Retail investors might be required to pass an online test before they are allowed to invest in certain types of financial products as part of an FCA clampdown on high-risk investments.
The regulator said it was concerned that in a recent survey carried out for it almost half (45%) of respondents did not consider losing money as the potential risk of investment.
Sheldon Mills, Executive Director, Consumers and Competition at the FCA said: “We are concerned that too often consumers are investing in high-risk investments they don’t understand and can lead to significant and unexpected losses.”
The regulator has been slated for its sluggish reaction over mini-bonds, which were sold widely and in cases such as the high-profile collapse of LCF have seen big losses for investors.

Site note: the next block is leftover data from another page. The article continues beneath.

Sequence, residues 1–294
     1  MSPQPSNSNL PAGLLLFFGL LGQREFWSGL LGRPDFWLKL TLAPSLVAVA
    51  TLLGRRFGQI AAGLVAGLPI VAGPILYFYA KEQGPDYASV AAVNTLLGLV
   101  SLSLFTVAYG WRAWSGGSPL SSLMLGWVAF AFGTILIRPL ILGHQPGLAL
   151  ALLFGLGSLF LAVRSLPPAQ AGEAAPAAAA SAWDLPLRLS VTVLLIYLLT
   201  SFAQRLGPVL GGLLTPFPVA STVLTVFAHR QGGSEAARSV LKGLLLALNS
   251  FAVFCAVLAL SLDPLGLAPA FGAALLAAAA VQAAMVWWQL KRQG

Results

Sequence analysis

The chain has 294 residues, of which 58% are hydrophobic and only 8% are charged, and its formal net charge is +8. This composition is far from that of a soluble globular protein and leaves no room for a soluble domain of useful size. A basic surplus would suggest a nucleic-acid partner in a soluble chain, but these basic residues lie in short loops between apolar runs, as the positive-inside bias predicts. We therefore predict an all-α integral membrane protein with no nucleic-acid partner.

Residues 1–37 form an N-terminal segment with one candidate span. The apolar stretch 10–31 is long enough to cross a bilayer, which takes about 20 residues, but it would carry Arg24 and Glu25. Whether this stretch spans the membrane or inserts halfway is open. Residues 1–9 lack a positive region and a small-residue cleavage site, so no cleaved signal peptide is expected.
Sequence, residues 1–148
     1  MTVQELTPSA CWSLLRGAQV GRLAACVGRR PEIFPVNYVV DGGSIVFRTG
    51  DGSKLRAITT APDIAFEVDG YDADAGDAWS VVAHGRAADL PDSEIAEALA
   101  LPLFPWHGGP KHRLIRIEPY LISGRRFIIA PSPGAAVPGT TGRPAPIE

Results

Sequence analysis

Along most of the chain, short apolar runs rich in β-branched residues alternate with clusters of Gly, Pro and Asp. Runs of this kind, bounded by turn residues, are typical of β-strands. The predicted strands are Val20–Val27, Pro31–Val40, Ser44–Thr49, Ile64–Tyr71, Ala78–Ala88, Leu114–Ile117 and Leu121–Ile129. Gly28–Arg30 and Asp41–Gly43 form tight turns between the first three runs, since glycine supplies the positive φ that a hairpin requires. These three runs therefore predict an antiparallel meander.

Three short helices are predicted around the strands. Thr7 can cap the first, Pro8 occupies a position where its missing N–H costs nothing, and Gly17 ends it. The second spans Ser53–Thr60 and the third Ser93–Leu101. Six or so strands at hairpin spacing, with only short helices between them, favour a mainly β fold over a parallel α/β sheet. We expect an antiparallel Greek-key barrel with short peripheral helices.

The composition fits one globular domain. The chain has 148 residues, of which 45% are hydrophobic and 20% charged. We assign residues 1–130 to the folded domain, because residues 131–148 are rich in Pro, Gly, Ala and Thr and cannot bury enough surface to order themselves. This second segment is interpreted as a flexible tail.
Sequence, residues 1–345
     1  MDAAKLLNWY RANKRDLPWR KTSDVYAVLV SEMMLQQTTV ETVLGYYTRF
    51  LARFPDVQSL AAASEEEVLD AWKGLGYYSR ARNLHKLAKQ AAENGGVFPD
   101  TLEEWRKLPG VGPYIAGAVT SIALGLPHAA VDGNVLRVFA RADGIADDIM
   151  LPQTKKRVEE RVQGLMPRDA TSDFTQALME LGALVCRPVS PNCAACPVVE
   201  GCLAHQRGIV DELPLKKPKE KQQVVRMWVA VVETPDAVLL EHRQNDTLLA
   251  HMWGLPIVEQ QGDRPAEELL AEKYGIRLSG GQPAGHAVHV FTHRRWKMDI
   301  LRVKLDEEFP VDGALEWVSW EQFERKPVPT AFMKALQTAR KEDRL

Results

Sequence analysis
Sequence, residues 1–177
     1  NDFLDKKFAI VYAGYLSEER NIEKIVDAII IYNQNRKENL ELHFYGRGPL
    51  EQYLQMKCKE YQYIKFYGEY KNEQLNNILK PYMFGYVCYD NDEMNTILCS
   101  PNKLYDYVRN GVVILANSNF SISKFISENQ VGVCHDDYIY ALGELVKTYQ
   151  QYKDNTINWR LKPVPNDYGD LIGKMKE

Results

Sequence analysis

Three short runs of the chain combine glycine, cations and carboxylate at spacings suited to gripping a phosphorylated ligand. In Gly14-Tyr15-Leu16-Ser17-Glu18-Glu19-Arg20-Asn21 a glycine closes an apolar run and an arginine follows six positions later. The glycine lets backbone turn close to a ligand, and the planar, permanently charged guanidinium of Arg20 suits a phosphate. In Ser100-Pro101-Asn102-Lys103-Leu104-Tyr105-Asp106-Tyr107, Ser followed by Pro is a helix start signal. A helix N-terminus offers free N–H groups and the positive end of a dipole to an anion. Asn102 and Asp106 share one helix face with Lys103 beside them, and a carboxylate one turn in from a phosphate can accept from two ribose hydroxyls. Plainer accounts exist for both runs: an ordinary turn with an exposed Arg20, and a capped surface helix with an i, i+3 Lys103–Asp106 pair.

Mills said: “We have already taken action by banning the mass-marketing of speculative mini-bonds.
“We continue to address harm in this market through our ongoing supervisory and enforcement action but recognise more needs to be done”
This will involve tighter classification around what are deemed to be high-risk investments and how products such as equity shares and peer-to-peer lending are marketed.
Risk warnings will also be strengthened, though the FCA acknowledged that they are often ignored as ‘white-noise’ by investors, hence a possible requirement at least to watch an educational video or else pass a test to show they understand the product.
Financial promotions through FCA-approved firms by unauthorised people also will be harder with the onus on the regulated firm to monitor them on an ongoing basis.
The FCA said it wants feedback on its proposals by 1 July with a further consultation on possible rule changes later in the year.